Saturday, August 14, 2010

Why I'm indifferent to Meter Jam

I refrained from writing about the consumers' boycott of autorickshaws for two reasons; first I hardly ever use autos and second I don't have a constructive solution to offer to commuters. I got dragged into this by Shreeni. I must concede that the situation is terrible, and the autodrivers of Bangalore deserve the bad name they've accrued over the recent years. But here's why I still won't support Meter Jam.

Market can pay more than it currently does
I admit I don't have the stats and I am basing this argument on a hunch, but I think Auto fares are artificially, and unjustly, kept down against market forces. If you were to ban fare meters and let the Invisible Hand (and a million emotionally charged bargains) determine the prices of each journey, I'm certain that the fares would be significantly higher than the current average. Even now, the reason that the autowallahs refuse to take you is not because they want to starve themselves, but because they know they'll get another sucker to pay more. I don't get the fairness of this, by keeping the fares low we are pandering to the rich folks at the cost of someone who really needs the money. The same 'victim' who didn't have qualms about paying Rs.60 for a pepsi inside the multiplex is suddenly outraged when he came out and talked to the autodriver. I can see how frustrating this must be to the autodriver, and I'm not counting having to live in a city that's becoming costlier at a rate faster than the autofares are increasing. (Disclaimer: To understand his problem is not the same as justifying his behaviour.)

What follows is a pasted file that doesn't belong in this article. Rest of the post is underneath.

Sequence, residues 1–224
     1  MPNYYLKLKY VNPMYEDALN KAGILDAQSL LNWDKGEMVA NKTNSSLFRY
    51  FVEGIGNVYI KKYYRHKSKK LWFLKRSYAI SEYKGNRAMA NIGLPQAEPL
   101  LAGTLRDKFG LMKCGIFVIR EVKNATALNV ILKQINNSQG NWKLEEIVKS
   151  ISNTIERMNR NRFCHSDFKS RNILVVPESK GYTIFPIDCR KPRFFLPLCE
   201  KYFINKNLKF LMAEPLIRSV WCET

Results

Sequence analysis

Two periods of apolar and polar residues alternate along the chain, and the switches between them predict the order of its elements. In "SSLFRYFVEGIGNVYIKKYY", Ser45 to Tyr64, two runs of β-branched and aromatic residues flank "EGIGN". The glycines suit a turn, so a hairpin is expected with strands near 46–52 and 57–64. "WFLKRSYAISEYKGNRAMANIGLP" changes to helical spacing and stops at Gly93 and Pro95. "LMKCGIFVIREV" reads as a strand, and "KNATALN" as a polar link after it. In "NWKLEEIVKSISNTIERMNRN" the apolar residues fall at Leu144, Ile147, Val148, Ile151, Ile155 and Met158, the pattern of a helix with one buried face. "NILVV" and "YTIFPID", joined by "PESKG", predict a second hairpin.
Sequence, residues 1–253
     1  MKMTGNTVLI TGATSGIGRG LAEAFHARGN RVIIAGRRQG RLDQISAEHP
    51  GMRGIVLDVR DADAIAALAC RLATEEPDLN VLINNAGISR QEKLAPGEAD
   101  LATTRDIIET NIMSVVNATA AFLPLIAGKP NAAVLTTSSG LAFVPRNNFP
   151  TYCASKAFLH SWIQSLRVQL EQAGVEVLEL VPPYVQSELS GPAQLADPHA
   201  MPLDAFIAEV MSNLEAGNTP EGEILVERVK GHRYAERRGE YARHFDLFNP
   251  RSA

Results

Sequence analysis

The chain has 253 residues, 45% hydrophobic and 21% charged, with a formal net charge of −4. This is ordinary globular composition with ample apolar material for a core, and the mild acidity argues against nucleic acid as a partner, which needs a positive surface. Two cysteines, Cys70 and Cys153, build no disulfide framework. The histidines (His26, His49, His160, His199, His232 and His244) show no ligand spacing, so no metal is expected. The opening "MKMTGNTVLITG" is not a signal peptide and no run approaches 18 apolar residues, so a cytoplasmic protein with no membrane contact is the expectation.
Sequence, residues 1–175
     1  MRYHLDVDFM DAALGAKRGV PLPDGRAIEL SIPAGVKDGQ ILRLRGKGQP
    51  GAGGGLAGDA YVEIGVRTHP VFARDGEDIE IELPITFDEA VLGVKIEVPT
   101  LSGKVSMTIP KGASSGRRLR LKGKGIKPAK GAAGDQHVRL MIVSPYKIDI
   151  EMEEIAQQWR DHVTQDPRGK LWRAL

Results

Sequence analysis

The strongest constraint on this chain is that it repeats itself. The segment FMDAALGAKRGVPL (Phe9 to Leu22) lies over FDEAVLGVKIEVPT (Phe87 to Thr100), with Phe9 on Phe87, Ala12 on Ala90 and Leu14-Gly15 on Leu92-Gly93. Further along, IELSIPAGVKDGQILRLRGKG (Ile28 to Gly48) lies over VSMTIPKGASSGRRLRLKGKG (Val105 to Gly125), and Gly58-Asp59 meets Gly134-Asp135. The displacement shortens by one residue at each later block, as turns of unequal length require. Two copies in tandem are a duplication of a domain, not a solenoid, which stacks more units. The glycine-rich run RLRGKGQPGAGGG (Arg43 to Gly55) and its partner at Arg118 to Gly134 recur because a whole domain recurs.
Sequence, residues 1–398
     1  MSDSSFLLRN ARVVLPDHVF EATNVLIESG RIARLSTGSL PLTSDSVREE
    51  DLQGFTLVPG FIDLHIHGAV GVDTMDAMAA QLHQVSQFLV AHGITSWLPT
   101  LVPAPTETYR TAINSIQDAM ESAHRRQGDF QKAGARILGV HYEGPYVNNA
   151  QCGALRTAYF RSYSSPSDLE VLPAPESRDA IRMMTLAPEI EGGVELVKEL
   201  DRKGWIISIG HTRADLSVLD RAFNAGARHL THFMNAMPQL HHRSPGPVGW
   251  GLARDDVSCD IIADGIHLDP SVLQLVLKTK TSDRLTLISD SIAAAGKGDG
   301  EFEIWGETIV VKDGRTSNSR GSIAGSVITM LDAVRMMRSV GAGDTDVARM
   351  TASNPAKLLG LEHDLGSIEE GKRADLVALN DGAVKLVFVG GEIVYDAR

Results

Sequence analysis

Reciprocity of ill-will
So the consumers boycotted. And they are probably thinking smugly "Ah! That should teach those guys a lesson. I showed them!". Now do they expect the autodriver to go "Oh! I've learnt my lesson. I'll mend my ways"? Reality check. He's probably thinking "Now, let ME show you". I think Meter Jam will only antagonize the equations.

Generalizations are easy
Take any set of people in my country and we can easily dismiss them with an insulting generalization. Civil servants are weasels. Bus conductors are rude. Kannadigas are harsh. Bus drivers are maniacs. Marwari businessmen are X. Muslims are Y. If you want to believe any of them you'll get a million pieces of corroborative evidence. Even the autodrivers are probably thinking "Software engineers are arrogant pricks". You can't escape those generalizations, but to act on them is slightly immature.

YES vs. NO campaigns
I have significantly more belief in YES campaigns than in NO campaigns. I'd rather waste my energy telling you why you should use the bus than trying to tell you not to use the Auto.